The other big thing is the smile. It has taken me the entire time to get my head around this. Every time I cut out a 15ft board for the boat it ends up frowning at me yet if you look at the belly of the boat she is clearly smiling from ear to ear. Even after a very strange explanation involving me and my boss breathing in and out and drawing smiles on our bellies to try to make sense of it…I still didn’t get it. Every time I clamp the plank on for its final fit it smiles at me like the Cheshire cat, I take it off to spread the glue on and there it is frowning like a kicked puppy. It just seemed to be one of the many mysteries of boat building so I stopped thinking about it and just accepted it. BUT when I arrived at plank 4 it all changed. That was the widest part of her belly and from there up all my frowns turned upside down. With the hilarious image of my boss drawing smiles on his 6 pack it all clicked into place. Some of the more nerdy boat types will know what I’m talking but I will have to apologise to the regular folks because although I understand now, there is know way I can explain!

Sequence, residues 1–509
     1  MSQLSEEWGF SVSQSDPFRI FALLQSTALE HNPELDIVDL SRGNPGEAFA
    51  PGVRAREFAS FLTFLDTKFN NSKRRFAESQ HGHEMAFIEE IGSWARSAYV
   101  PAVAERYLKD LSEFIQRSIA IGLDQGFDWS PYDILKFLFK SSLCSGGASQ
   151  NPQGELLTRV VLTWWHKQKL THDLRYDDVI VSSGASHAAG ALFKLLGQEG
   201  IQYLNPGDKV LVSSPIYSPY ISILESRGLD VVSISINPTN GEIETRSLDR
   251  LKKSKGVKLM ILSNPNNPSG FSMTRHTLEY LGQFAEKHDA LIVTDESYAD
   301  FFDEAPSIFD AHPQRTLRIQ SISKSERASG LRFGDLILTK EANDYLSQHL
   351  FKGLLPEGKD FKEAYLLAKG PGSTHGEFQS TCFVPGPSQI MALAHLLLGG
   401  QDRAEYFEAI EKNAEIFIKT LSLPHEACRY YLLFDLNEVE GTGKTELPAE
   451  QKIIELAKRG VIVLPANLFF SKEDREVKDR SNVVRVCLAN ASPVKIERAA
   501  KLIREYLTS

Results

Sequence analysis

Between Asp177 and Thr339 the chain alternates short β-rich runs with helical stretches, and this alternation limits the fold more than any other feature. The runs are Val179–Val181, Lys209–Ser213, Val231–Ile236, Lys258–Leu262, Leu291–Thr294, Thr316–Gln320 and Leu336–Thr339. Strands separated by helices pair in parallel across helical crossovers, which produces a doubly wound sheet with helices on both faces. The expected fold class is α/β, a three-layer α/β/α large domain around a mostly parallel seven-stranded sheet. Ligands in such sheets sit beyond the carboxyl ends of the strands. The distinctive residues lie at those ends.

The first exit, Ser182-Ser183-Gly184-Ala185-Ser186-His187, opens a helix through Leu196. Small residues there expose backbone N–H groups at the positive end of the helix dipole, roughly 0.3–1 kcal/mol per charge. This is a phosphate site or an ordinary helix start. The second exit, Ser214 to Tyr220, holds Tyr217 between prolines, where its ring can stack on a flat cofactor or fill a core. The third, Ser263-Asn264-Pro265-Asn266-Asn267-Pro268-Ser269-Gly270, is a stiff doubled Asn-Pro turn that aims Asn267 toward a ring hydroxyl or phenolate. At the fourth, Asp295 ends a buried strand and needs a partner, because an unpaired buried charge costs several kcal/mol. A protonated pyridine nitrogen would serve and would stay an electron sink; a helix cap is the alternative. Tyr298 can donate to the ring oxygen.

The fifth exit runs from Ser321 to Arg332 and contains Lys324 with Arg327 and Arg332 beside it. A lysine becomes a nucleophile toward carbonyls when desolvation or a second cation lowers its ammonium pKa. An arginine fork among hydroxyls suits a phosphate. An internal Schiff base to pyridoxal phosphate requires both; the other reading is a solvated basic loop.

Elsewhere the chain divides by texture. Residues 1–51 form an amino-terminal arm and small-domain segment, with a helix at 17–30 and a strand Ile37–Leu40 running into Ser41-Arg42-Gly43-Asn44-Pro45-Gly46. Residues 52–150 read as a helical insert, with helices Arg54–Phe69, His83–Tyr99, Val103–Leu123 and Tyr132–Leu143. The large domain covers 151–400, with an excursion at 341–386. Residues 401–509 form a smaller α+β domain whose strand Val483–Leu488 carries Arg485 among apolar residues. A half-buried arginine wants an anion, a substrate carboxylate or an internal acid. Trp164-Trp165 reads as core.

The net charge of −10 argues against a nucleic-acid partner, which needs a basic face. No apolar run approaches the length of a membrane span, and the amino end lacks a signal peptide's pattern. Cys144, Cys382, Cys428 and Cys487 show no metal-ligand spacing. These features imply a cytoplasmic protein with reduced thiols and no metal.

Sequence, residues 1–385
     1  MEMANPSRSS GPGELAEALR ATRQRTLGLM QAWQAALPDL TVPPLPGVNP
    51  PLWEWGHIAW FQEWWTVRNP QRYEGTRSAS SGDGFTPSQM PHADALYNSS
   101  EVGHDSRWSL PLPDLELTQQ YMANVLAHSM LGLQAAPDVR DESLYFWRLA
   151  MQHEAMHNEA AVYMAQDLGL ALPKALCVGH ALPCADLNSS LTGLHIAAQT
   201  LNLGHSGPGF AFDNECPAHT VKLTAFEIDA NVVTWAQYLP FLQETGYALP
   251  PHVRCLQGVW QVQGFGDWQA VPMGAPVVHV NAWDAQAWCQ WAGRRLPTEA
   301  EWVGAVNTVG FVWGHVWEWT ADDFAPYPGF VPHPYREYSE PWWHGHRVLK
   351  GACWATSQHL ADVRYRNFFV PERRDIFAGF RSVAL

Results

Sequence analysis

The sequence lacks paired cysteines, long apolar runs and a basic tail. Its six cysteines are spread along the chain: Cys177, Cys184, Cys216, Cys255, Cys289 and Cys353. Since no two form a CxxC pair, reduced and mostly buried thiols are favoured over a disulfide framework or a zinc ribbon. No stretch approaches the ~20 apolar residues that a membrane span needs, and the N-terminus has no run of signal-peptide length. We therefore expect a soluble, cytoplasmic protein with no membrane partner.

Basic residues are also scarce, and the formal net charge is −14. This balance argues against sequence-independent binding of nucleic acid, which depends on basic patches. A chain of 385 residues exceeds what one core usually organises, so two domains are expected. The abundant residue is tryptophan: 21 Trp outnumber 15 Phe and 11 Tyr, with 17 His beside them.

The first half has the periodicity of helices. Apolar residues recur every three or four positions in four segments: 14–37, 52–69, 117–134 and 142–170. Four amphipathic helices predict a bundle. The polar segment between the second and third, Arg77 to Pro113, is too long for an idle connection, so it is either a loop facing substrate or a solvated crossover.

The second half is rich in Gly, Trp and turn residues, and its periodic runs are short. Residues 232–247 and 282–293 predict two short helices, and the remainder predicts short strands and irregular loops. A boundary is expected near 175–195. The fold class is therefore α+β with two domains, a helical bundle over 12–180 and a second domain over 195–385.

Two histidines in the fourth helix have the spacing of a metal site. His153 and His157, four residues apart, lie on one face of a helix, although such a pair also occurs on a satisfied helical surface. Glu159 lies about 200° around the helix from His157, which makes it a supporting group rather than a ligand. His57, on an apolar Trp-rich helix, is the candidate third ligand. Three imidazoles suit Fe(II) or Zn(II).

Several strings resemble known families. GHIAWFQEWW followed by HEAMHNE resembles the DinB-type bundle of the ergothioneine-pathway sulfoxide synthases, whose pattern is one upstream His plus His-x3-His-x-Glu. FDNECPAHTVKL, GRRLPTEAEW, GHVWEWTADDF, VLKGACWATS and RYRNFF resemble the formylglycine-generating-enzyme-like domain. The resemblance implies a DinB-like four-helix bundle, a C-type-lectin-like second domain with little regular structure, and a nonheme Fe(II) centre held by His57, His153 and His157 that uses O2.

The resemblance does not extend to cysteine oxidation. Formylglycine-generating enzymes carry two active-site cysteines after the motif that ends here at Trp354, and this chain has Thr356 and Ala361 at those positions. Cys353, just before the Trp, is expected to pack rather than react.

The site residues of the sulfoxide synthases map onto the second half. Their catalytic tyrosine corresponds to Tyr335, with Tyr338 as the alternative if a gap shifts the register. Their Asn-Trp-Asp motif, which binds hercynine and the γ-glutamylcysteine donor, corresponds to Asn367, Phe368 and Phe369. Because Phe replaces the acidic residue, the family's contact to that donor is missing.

Personally I’m pretty impressed with how fast I got those planks up but my boss man is never happy and is always pushing for more. On one occasion I really couldn’t take him seriously and just had to laugh. There I was fairing all my lines and doing the final shaping on a huge plank and he comes up and says “ whys that taken you so long, you did the last one much faster?” to which I replied, “it was a much trickier shape and I had a lot of on and off and marking to do which kinda stole the day”. He was not content with this and waved his hand over the plank and said “ well if it wasn’t for all that line work it wouldn’t have taken you so long”. What he meant by line work is that I had drawn TWO lines the length of the plank to indicate the variation in angle to enable the next plank to sit flush on it. There must have been about 8 or 9 different angles on this bad boy. After having done nothing but guess the last 4 planks and hope I was right I couldn’t believe it. He actually wants me to stop using a pencil and ingrain this shit in my head! I could handle it when he through all my tape measures in the river but seriously dude…a chippy needs a pencil! I told him to fuck off, we both laughed and I carried on.